PbCrO4 mediates cellular responses via reactive oxygen species

Stephen S. Leonard, Jenny R. Roberts, James M. Antonini, Vince Castranova, Xianglin Shi

Research output: Contribution to journalReview articlepeer-review

53 Scopus citations


Exposure to certain particulate hexavalent chromium [Cr(VI)] compounds, such as lead chromate (PbCrO4), has been associated with lung cancer and respiratory tract toxicity. Previous studies indicate that the solubility of Cr(VI)-compounds is an important factor in Cr(VI)-induced carcinogenesis. The present study investigates reactive oxygen species (ROS) generation by PbCrO4 particles and cellular responses using RAW 264.7 cells. A mixture containing PbCrO4 and RAW 264.7 cells generated hydroxyl radical (•OH), using cellularly generated H2O2 as a precursor, as measured by electron spin resonance (ESR) spin trapping in combination with H2O2 and •OH scavengers, catalase and sodium formate. The effect of ascorbic acid on •OH radicals was also measured using ESR. Confocal microscopy showed that particles could become either bound to the cell surface or engulfed over a 120 min time period. H2O2 generation and O2 consumption were also increased after treatment of the cells with PbCrO4. Both NF-κB and AP-1 were activated after exposure to PbCrO4 particles as measured by the NF-κB or AP-1 luciferase reporter plasmid assay. Our investigation thus demonstrated that the RAW 264.7 cells phagocytized the PbCrO4 particles leading to accumulation of the particles within vacuoles in the cytoplasm. These particles could induce chronic production of ROS and activation of NF-κB and AP-1. Such induction of transcription pathways may be involved in the inflammatory and carcinogenic responses induced by Cr(VI)-containing particles.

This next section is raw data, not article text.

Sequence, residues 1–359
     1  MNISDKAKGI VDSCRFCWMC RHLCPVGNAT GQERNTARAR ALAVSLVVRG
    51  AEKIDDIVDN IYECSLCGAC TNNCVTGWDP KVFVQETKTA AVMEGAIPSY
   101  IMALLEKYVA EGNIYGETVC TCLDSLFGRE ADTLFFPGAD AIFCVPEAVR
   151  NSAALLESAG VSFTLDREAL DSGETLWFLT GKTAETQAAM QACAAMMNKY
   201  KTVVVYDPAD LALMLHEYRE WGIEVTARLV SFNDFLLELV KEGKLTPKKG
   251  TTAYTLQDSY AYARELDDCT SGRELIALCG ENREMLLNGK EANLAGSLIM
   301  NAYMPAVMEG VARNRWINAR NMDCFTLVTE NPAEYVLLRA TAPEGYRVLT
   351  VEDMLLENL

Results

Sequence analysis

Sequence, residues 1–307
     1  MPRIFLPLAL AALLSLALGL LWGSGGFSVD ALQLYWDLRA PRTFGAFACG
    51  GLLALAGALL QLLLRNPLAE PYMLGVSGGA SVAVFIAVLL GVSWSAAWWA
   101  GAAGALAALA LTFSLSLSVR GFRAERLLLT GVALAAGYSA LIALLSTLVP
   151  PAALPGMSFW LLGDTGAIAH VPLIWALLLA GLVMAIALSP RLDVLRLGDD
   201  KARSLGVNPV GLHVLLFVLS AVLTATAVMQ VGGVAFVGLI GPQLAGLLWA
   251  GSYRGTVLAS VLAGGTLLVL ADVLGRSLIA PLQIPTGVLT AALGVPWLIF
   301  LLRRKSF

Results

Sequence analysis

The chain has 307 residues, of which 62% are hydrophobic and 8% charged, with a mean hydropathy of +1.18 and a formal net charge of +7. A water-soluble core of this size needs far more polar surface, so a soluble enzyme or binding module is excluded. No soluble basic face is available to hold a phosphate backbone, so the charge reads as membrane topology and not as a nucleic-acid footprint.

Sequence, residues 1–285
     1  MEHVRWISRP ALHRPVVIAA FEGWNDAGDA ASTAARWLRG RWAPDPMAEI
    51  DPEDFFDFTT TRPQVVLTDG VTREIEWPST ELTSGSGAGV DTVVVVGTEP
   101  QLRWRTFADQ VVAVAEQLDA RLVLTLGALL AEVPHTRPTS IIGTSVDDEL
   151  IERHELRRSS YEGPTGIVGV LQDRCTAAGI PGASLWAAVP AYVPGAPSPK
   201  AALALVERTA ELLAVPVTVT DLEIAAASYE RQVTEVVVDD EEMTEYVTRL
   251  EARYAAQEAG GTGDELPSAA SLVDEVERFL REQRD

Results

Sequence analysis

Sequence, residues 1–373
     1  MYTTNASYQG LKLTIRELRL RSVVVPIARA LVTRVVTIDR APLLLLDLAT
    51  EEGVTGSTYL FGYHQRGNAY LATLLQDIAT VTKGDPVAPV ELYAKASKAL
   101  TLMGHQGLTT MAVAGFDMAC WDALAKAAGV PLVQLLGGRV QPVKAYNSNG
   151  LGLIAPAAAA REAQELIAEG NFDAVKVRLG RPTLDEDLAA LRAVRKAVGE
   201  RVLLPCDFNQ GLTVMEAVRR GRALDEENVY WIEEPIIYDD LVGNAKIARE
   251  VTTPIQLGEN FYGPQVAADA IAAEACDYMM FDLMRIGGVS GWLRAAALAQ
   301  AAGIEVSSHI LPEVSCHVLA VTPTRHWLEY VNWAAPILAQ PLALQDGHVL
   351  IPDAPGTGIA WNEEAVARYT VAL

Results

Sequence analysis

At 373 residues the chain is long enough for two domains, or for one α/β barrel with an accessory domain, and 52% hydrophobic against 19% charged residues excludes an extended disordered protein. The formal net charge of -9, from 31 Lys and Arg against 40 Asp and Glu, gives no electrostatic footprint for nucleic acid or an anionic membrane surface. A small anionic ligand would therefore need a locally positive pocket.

Original languageEnglish
Pages (from-to)171-179
Number of pages9
JournalMolecular and Cellular Biochemistry
Issue number1-2
StatePublished - Jan 2004


  • AP-1
  • Electron spin resonance (ESR)
  • Hydroxyl radicals
  • NF-κB
  • PbCrO
  • RAW 264.7 cells

ASJC Scopus subject areas

  • Molecular Biology
  • Clinical Biochemistry
  • Cell Biology


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